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HLTD08: Implementation Science in Global Health

Fall 2020 (HLTD04) & Winter 2021 (HLTD08) - Professor Ezezika

LibrarySearch

LibrarySearch basic interface.

What is LibrarySearch?

LibrarySearch provides access to library collections in print and digital formats including books, articles, videos, maps, government documents, music, data sets, and more. You can also discover materials that are not available at U of T but that you can request for free through interlibrary loan.

When to Use LibrarySearch

Use LibrarySearch when you want to find:

  • Background information 
  • Several articles to get started
  • An exact book or article title
  • Resources in various formats (e.g. books and newspapers)
  • Sources on an interdisciplinary topic 
  • Local and/or unique resources

Need More Help with LibrarySearch?

For detailed explanations about how to use LibrarySearch, see our library guide on LibrarySearch search tips.

Sign In

To improve your search experience and gain access to advanced features, always begin by clicking the Sign In button pictured below. 

Sign In button located in top right corner of LibrarySearch interface

Once you have signed in to LibrarySearch you can: 

  • Update your profile to be sure you will receive important library notifications
  • Check due dates, place holds, review item requests, and pay fines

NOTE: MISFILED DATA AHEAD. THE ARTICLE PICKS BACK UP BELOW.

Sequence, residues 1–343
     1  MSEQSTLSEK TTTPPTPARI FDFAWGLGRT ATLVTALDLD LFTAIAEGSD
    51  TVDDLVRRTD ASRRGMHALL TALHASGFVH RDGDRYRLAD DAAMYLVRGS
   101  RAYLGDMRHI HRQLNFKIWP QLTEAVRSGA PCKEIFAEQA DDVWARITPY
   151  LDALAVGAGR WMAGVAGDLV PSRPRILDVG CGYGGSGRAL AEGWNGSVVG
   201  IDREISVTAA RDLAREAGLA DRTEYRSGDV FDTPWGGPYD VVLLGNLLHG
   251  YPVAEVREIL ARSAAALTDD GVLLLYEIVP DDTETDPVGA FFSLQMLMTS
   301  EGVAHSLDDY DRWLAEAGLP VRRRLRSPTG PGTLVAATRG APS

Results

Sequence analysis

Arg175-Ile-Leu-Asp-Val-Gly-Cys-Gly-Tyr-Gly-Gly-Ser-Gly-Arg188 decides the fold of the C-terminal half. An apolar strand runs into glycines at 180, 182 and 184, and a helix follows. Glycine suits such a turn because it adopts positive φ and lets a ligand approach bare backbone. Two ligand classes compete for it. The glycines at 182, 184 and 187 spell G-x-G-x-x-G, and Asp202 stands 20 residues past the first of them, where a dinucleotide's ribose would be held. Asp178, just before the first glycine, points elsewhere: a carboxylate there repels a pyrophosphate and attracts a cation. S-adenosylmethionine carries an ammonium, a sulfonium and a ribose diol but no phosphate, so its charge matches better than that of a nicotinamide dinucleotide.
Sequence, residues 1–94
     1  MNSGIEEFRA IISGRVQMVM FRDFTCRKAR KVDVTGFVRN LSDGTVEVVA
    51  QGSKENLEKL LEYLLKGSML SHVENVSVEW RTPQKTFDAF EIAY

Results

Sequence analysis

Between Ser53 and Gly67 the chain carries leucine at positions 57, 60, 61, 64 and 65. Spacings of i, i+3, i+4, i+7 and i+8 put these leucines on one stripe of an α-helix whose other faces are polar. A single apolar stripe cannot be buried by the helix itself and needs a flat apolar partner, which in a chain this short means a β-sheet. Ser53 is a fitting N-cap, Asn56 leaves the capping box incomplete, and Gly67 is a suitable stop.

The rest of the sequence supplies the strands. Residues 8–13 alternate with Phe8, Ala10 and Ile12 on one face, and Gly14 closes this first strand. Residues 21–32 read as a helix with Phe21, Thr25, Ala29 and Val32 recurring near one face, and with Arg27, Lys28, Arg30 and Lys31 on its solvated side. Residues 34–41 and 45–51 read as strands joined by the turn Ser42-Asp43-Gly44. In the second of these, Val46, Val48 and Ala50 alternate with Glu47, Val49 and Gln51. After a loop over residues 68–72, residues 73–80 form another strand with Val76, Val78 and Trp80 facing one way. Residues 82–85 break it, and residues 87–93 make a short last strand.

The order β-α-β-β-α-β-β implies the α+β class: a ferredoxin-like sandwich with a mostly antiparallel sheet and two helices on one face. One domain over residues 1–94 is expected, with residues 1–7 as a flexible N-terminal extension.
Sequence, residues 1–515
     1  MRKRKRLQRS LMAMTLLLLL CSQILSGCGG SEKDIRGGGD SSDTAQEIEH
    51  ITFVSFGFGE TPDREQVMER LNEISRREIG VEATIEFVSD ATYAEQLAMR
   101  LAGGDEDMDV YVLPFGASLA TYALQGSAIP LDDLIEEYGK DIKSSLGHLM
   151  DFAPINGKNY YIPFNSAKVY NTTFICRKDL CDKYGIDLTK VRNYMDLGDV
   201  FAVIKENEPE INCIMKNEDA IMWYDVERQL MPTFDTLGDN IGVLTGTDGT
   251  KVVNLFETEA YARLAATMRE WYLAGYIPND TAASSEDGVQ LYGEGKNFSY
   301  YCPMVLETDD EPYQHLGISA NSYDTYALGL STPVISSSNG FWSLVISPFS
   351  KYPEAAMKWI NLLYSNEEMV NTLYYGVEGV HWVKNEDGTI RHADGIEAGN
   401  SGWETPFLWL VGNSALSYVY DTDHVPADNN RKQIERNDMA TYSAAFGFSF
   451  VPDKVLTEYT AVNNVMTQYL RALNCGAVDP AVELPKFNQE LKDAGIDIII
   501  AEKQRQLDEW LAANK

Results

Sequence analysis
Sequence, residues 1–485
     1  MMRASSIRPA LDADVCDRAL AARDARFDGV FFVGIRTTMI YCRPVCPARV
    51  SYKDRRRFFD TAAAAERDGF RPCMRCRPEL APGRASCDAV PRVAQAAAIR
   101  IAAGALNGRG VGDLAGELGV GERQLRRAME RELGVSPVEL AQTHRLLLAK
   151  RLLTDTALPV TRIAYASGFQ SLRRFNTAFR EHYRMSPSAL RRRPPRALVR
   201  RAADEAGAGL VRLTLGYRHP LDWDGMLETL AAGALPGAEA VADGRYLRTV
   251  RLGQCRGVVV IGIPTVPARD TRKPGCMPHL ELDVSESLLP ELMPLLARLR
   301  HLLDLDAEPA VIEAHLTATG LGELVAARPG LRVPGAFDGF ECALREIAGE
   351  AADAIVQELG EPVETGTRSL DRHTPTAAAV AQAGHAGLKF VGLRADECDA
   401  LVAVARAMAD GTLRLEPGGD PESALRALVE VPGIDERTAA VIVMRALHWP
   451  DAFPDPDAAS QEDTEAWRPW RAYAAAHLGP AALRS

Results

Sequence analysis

• Renew your borrowed items 
  • View your search history
  • Access saved search results and citations
  • Create alerts to keep up to date on new publications

Please note: LibrarySearch times out after 30 minutes of inactivity, automatically signing you out and resetting itself to the default search page.

Basic Search

Basic Search is a simple interface that is best for searching for a single word or phrase, or for searching for the exact title of a book or article.

Basic search interface with the search box highlighted

To begin, choose a keyword. This should represent the most important concept in your research question. If you need help, check out the library's help page on choosing good keywords

The search you enter can be very simple, without using any expert techniques. If you are a more experienced researcher, Basic Search also allows you to use search operators like OR and AND that broaden or narrow your results.

As soon as you start typing in the search box, a drop-down menu will appear allowing you to choose the kind of search you prefer.

Screenshot of a basic search, with drop-down menu for type of search highlighted.